from Wiktionary, Creative Commons Attribution/Share-Alike License

  • adj. Subject to early binding.


Sorry, no etymologies found.


  • The typical programming languages are disastrously early-bound, provide insufficient meta-data, no reification of implementation, and they artificially hide the internals: they're like walnuts, hermetically sealed and taking big time just like for a squirrel to get at the juicy stuff that's on the inside of the shell.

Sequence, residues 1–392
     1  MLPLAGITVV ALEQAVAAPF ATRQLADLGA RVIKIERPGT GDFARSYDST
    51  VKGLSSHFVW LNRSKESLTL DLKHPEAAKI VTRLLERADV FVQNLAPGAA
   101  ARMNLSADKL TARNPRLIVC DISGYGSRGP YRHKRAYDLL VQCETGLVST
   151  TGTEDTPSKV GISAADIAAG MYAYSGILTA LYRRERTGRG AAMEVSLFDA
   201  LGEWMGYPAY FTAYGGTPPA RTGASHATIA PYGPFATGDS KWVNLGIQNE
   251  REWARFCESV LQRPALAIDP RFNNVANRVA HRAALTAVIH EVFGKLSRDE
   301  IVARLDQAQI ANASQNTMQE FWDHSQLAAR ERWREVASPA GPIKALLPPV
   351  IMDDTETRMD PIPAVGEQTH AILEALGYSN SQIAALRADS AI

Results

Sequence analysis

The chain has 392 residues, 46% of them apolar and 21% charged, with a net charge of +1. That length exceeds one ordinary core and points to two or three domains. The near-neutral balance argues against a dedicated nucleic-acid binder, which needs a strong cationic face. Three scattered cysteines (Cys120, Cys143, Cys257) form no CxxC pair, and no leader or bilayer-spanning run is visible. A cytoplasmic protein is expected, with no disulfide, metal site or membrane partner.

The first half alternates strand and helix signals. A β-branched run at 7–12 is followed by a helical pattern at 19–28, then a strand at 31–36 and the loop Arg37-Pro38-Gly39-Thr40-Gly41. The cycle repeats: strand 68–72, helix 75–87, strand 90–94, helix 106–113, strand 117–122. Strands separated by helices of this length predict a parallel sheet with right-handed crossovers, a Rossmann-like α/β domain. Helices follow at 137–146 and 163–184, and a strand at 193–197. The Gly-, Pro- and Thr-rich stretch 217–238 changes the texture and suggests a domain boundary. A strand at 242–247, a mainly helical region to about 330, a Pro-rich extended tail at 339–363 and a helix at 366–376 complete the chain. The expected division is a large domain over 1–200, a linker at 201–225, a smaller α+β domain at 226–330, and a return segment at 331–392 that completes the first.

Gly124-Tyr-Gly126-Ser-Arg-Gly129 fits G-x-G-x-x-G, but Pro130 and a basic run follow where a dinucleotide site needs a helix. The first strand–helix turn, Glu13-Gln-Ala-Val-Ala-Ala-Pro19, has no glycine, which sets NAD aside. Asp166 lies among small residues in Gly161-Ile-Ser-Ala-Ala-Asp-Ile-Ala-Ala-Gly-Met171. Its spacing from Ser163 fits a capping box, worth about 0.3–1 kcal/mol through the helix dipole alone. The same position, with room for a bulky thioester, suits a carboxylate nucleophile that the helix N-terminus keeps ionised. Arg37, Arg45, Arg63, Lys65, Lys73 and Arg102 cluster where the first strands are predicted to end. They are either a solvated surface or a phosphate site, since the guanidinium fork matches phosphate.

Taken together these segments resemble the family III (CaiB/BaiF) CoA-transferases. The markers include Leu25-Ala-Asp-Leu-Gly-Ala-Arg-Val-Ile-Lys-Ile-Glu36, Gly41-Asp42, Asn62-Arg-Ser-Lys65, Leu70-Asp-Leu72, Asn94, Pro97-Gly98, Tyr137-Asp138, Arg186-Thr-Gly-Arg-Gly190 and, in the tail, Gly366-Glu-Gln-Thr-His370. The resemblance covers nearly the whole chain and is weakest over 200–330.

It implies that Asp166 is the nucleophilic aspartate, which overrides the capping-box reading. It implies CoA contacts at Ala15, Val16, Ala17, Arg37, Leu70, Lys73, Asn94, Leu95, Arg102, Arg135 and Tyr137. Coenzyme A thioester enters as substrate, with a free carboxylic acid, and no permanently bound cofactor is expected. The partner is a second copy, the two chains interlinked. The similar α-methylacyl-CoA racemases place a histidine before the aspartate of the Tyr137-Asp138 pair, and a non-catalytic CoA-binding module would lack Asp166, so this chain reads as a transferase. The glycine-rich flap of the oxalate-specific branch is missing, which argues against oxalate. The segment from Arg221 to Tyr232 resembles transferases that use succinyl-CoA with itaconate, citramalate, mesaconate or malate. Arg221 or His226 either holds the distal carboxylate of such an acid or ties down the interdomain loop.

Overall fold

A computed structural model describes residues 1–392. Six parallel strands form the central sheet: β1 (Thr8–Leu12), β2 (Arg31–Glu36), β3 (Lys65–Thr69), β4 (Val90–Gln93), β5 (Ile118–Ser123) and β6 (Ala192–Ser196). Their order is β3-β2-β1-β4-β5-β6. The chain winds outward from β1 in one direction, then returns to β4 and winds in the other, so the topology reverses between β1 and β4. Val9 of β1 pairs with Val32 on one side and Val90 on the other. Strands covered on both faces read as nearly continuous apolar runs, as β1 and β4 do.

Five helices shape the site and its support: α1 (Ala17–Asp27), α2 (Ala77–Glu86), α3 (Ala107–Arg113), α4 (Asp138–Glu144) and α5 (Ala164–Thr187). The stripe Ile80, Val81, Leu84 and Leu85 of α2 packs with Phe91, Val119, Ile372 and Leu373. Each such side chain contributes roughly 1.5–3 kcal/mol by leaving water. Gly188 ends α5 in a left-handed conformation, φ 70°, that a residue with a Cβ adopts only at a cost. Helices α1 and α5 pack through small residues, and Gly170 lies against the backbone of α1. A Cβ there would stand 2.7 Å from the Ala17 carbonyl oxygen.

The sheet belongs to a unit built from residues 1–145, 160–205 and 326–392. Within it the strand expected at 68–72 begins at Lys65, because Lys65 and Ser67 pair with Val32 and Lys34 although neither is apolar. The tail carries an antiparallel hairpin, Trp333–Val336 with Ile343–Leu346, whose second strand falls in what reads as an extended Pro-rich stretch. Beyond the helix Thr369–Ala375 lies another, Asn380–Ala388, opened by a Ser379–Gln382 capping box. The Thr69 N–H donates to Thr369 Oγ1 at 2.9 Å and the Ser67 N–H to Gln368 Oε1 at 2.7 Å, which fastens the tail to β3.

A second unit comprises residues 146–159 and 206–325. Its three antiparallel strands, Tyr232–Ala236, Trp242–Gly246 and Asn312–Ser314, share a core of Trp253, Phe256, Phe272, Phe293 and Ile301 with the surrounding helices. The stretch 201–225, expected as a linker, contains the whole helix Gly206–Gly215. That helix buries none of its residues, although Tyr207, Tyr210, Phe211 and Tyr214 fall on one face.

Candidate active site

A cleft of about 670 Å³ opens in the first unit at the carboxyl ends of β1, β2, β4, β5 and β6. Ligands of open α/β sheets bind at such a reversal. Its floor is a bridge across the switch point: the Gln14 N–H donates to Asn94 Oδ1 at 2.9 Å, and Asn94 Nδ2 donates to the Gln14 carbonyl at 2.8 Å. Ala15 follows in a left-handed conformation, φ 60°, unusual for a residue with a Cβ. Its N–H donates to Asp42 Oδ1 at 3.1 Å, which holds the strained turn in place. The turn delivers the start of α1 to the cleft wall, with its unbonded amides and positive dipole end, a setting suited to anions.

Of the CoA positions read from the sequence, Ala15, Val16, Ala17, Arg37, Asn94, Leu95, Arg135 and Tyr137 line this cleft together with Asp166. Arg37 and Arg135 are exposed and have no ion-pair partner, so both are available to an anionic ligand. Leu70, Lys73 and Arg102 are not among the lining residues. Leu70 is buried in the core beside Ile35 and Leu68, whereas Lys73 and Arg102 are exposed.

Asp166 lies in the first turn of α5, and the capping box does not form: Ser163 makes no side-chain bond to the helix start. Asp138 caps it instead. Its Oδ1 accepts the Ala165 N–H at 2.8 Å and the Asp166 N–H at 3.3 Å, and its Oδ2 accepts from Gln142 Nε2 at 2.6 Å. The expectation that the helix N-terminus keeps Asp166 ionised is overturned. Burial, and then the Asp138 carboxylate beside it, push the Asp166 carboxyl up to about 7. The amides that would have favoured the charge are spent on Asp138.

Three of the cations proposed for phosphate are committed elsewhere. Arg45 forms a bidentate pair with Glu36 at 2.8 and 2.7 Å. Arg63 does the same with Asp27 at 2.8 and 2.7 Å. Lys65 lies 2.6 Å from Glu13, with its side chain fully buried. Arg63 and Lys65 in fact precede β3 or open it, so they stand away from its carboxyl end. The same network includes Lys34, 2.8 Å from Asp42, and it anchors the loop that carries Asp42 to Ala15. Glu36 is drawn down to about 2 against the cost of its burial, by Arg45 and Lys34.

late binding references

  • This can be early-bound requests by the compiler, or late-bound requests at run-time.

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  • Unlike early-bound objects, you can't easily use the new keyword to create an instance because the compiler expects the name of a type to be used with new, which of course you don't know for late-bound object types.

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  • More importantly, interfaces and base classes can be used to call into the late-bound code in an early-bound manner.

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